In Mail, open Preferences and click on the Signatures tab. There you will see 3 columns, the 1st one are your mail box accounts, the 2nd one are your custom signatures and the 3rd column is the signature detail preview. Create a new placeholder signature by clicking on the plus icon at the bottom of the 2nd column and name it. Drag your new signature from column 2 into your preferred mail box in column 1. Select your preferred mail box in the first column and go down to Choose Signature at the bottom. In the drop down menu, find and select your new signature. Note: At this point you will not see your HTML signature design on the 3rd column yet. Leave the 3rd column as is for now. Close window and quit Mail.

Mail Signature Preferences

Step 4: Open the Signatures Folder

On Finder’s top nav, drop down the Go menu and than hold down the Option key to see the hidden Library folder. Once the Library folder is open, go to: ~/Library/Mail/V2/MailData/Signatures/.

Step 5: Replace the Placeholder File

Find the signature (a file ending with a .webarchive extension) that you just added. If there are multiple files in this folder, switch to list view. The signature that you just added in Mail should be the file that was last modified a few minutes ago. Copy the file name. Rename the .webarchive file on your desktop with the file name that you just copy. Drag the file on your desktop into the Signatures folder. Click Replace when a window pop up asking if you to replace the file.

Step 6: Double Check Installation

Reopen Mail and click on the compose new message icon. Your new custom signature will appear automatically in your compose email window. If not, make sure you have followed Step 3 correctly. Links will not work when you are composing your email. But will work on the receiving end.

Summing Up

Feel free to contact me if you run into any problems creating your very own Apple Mail signature. I’m very interested in seeing all the creative signatures that others are creating so please post your link in the comment area. Cheers!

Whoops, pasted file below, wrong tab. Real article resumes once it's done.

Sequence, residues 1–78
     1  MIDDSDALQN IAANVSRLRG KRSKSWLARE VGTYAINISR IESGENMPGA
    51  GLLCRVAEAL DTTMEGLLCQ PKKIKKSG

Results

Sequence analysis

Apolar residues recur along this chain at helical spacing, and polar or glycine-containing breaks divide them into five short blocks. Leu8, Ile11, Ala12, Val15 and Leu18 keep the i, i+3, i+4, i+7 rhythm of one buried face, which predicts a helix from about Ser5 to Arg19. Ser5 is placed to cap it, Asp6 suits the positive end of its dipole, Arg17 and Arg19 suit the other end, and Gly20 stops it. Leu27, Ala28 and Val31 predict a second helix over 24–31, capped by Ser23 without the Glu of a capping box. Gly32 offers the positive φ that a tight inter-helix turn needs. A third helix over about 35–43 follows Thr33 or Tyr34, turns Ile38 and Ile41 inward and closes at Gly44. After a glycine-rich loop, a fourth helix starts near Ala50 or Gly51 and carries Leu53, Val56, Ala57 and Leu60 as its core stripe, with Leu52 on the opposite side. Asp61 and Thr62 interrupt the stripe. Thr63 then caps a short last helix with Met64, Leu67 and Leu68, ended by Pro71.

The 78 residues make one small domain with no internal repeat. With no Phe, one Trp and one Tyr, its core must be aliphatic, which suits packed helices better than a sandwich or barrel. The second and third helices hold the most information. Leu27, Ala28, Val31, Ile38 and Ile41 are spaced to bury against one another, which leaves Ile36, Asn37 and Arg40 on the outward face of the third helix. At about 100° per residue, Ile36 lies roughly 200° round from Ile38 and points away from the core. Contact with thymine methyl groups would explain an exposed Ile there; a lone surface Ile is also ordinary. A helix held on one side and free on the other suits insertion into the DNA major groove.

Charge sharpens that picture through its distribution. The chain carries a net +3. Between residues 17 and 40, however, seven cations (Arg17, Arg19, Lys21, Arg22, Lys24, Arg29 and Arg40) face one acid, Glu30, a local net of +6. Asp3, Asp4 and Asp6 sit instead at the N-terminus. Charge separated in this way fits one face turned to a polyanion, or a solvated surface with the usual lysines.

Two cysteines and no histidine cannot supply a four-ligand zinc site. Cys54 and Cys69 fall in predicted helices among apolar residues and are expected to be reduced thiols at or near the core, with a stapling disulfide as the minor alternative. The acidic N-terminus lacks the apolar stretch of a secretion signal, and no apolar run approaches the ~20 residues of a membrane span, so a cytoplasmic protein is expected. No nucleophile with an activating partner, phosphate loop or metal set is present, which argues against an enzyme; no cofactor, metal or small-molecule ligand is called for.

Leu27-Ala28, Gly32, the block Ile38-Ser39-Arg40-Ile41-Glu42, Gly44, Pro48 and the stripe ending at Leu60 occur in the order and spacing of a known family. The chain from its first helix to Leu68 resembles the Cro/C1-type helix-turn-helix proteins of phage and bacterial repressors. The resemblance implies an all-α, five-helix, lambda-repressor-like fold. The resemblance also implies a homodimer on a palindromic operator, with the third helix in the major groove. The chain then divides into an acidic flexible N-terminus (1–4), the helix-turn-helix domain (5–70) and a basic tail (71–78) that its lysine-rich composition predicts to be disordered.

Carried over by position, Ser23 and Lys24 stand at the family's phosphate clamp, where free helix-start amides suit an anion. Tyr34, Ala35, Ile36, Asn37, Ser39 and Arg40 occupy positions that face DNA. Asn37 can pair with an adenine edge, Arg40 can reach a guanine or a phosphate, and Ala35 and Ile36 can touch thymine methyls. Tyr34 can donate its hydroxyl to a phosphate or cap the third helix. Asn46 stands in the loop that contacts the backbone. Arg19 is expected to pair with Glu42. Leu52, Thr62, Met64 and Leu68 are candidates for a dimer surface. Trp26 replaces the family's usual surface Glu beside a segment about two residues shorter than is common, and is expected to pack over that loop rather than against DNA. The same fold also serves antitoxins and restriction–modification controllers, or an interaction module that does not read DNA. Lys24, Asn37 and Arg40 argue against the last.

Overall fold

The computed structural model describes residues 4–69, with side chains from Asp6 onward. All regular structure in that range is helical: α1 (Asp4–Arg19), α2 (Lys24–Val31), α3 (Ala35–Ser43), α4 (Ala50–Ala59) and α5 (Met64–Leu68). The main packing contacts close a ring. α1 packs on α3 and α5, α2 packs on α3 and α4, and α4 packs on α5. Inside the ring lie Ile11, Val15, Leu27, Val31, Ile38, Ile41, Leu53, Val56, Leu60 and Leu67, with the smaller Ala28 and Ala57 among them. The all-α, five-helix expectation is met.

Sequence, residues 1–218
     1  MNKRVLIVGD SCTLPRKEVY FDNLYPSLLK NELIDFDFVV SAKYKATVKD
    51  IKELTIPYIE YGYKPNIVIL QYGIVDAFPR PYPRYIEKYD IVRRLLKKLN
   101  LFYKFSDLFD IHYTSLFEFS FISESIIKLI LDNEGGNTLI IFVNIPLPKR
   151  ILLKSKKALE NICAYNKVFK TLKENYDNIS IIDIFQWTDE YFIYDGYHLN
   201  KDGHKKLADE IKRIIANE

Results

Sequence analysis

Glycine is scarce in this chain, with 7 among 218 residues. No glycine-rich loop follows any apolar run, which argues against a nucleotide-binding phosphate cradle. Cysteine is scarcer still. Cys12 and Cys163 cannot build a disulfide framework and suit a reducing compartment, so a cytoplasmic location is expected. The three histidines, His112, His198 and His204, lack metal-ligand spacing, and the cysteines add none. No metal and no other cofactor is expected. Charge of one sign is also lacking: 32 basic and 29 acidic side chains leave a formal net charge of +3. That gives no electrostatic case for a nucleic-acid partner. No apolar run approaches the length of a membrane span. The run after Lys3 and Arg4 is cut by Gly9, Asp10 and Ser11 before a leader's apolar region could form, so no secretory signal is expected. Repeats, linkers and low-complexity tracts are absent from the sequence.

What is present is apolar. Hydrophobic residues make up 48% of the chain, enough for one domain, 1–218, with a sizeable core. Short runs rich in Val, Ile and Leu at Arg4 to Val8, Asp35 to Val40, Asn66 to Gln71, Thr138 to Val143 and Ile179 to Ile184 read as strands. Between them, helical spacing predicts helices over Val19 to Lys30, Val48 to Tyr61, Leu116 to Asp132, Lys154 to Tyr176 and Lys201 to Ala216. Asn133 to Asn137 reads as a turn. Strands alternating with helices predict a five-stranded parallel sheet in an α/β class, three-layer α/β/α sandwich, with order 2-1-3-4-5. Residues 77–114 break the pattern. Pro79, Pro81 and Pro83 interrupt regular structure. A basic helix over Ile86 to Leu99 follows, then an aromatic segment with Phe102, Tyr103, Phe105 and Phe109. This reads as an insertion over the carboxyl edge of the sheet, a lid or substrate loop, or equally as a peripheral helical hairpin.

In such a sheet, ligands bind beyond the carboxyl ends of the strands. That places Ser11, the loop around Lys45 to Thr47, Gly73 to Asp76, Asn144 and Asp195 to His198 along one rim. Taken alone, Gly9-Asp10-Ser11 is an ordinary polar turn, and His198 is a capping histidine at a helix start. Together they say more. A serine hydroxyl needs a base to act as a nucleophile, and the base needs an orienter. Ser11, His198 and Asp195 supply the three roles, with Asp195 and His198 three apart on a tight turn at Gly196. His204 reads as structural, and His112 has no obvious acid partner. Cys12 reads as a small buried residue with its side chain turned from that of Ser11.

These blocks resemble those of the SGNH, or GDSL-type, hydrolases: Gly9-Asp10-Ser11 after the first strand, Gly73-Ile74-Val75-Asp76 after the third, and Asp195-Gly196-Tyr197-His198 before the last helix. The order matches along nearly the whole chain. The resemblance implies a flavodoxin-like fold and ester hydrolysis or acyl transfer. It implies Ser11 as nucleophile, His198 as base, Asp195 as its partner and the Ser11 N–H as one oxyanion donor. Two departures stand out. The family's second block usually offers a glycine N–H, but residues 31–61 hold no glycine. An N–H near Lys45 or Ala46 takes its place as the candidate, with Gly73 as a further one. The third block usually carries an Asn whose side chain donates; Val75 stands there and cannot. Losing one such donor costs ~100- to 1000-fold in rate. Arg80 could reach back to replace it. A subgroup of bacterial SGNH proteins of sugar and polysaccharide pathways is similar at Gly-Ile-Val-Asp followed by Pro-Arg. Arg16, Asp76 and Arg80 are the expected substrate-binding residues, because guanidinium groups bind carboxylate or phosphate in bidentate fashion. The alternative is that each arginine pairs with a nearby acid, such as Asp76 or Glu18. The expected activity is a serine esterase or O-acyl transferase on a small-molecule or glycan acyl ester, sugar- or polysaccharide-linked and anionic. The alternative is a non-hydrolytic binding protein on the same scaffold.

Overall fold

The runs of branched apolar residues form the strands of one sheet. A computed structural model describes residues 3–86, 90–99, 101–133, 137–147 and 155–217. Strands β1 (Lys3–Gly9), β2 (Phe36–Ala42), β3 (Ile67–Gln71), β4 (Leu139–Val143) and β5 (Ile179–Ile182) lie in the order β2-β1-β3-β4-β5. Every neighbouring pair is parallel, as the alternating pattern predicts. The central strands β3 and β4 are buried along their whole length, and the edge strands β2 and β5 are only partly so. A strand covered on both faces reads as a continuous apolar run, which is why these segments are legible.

UPDATE 08-30-2012: Due to the high number of recent requests to create custom email signatures, I created a service section for signature design and development. If you would like me to create a signature for you, please visit www.mydesignpad.com/htmlsignature/ for more info.

Follow responses through the RSS 2.0 feed | February 11th, 2012 | 416,255 views

113 comments »

  1. March 10th, 2015

    Please contact me, I need help making the transition from Outlook 2011 to Apple mail. Multi-variations of the procedure above and no joy. Simple in Outlook 2011 you just “select all” on the webpage with the jpg on it and paste into signatures. Apple not straightforward. Will happily pay you to fix for me plus show me how to do it as I will invariably mess it up at some point. Thank you.

  2. March 25th, 2015

    MELISSA says:

    Thank you so much!! worked perfectly!!

  3. October 22nd, 2015

    Per Tore says:

    Actually, in OSX El Capitan, you CAN even include Google Fonts API into your HTML!

    1. Locate your newly created signature file as described above.
    2. Right click it and open it in a web editor of your choice.
    3. Delete everything except this snippet:

    Content-Transfer-Encoding: quoted-printable
    Content-Type: text/html;
    charset=utf-8
    Message-Id:
    Mime-Version: 1.0 (Mac OS X Mail 9.0 \(3094\))

    4. Create a tag with the google font you want to load, like this, and close it:

    5. Put the style and font into your tag i.e.:

    6. Add the text and images as you like! And remember to close all tags!

    7. Save the signature file, locate it in Finder, click get info, and LOCK it. Open Mail and select your customised signature!

    For more different google fonts:
    https://www.google.com/fonts

  4. October 22nd, 2015

    Per Tore says:

    The missing text from point nr 4 and 5: